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Posts tagged “Cologne

My Writing Space

I once blogged about my writing practice and process, and I feel this is a nice dovetail: my writing desk and space. We all need to carve out our own little nooks in this world, and this tiny corner is mine.


This where I do all my writing: all my short stories, all my blogging, and all my freelance articles are done here, including a little doodling and reading now and then. I decorated it like this because I think it reflects me and my personality best. Some people prefer really modern, sleek, office-y, stainless-steel-type designs, and others prefer a kind of non-descript, antiseptic look. But I wanted my space to be peppered with all of the things that inspired me, visually and spatially, and all the things that really mean something to me.


For example, these are my Lebanese grandparents making-out on their front porch in Montreal circa 1948. I typed out that Bukowski quote on my typewriter. All the picture frames were bought from London flea markets, but a few I found discarded on the sidewalk. Who throws out gorgeous picture frames?!


That photograph in the foreground of the two 1920s women pushing the pram: I have no idea who they are. I found them discarded on the flea market grounds in Brussels right before the sky opened up and an incredible tempest washed everything away. I feel like I saved them.


Those are Belgian telegrams, and also some French postcards ad German letters, which I bought from their respective flea markets. I typed out the quote at the bottom, and I found the image of the typewritten quote at the top online and then printed it out on photographic paper at a pharmacy in London.


I got the antique iron keys from a friend who bought them for me when I was living in Copenhagen. I typed out the Dumas quote, and it sits on a small blue photo album from the 1940s that I bought in Paris. The vase & saucer I got at a London flea market, and the typewriter ribbon tin I bought at the Brooklyn flea.


The pill bottles in the foreground I got at a flea here in Toronto. The red-cover books in the background are all travel guidebooks from the 1920s, 30s, & 40s. It’s so interesting to read about “where to find a public bathhouse in London,” or about how many Francs you can get for your Crowns, Half-Crowns, Shillings, and Sovereigns. There’s even a section on why French customs strictly prohibits British matches from entering the country, but you can bring your own cigarettes. Also, air travel was so new, that they don’t really mention it. They only mention taking the ferry from Dover to Calais! The guidebooks have fold-out maps and even photographs. Looking at Amsterdam then and comparing it to now is such a mind-fuck.


That’s a Bukowski quote.


I bought that cigar box from a flea market in Düsseldorf. I put all of the small monochrome photographs that I bought from flea markets around Europe in there. A note about the photographs: I don’t know the people. I am assuming they’ve all passed, seeing as how their personal family photo albums were for sale on flea markets. I buy them because they look so happy. I like their faces. Also, sometimes going through private photos reveals some interesting secrets, as I wrote in an essay for VICE recently … And if they’re not in the cigar box….


… they’re hanging on my wall. From left to right, I bought him in Brussels, him in Copenhagen, and her in Paris.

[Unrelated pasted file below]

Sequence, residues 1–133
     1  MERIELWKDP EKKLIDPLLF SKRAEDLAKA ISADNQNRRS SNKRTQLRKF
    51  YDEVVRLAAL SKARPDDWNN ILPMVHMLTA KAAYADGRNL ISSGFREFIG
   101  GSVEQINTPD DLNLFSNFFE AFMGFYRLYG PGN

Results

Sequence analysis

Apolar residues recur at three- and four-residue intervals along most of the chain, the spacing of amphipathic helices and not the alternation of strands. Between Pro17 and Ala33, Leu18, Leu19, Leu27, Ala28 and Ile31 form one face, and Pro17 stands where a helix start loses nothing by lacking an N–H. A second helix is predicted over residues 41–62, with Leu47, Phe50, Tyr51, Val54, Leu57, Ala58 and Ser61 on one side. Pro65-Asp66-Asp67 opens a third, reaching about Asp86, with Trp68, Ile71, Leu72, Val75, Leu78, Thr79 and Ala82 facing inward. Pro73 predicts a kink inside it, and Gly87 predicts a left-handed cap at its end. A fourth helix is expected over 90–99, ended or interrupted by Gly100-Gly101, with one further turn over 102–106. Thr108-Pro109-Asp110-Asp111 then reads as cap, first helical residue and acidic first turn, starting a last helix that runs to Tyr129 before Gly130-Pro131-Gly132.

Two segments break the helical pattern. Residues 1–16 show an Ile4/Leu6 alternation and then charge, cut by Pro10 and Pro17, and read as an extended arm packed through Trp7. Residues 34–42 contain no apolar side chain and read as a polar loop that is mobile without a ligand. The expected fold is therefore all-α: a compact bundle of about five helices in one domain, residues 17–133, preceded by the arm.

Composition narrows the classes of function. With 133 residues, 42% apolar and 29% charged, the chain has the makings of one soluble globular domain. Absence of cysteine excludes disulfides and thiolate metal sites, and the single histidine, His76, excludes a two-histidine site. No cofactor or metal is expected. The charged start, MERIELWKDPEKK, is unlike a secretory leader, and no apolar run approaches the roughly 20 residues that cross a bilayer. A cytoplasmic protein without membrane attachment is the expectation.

That babe second-from-right is my Mum when she was 18. The rest, left to right, Brussels, Brussels, Berlin, and the child on the right is from Amsterdam.


These ladies are so old, they’re beginning to fade, but I love them all the more because they’re so bad-ass. On the left, I bought them in Paris and on the back it’s dated June 18, 1929. On the right, I bough her in Brussels, it’s dated August 18, 1922. She’s so fucking cool, I can’t even. I’m all out of evens.


Bought both from Brussels. Street scenes and street photography from the early 20th century are so amazing to me. I love the composition of the left photo! Right photo on the back is dated May 1942 and it says they just returned from shopping.


There’s my gorgeous bee-yooot. Read this for the story behind the provenance of this baby.


Some of the books that really moved me that are resting on my desk are All That I Am by Anna Funder, The Reader by Bernhard Schlink, The Cellist of Sarajevo by Steven Galloway, The Dark Room by Rachel Seiffert, and Captain Corelli’s Mandolin by Louis de Bernières.


I feel like I become a different person when I sit down at this desk. Outside, I’m gregarious and silly and hungry and moving and yelling and dancing and what not… but here, I am something else.


I have a lot more upcoming publications yet-to-be-announced, but now you know where I was when I wrote them.

Remember to update your links and visit the new home of ChristineEstima.com!
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My latest VICE essay: Germany’s flea markets have a dirty little secret

vicethird

You guys know I’m a huge flea market nut. I’ve blogged about the stuff I’ve found before. But the flea markets I used to patron in Germany when I lived there (specifically Cologne and Berlin) all carried lots of Nazi junk, which for a Canadian, is not something you ever get used to seeing. In this piece, I talk about the disturbing nature of these pieces, and also how they have affected me.

I feel like our morbid interests aren’t inherently good or bad. It’s what we do with those interests that’s important … I think learning from this stuff is a positive thing.

Click here or on the above photo to read it.

I took all of the photographs featured in the piece. The one of the framed monochrome photographs on a mantle is actually in my bedroom. Those couples just look so happy!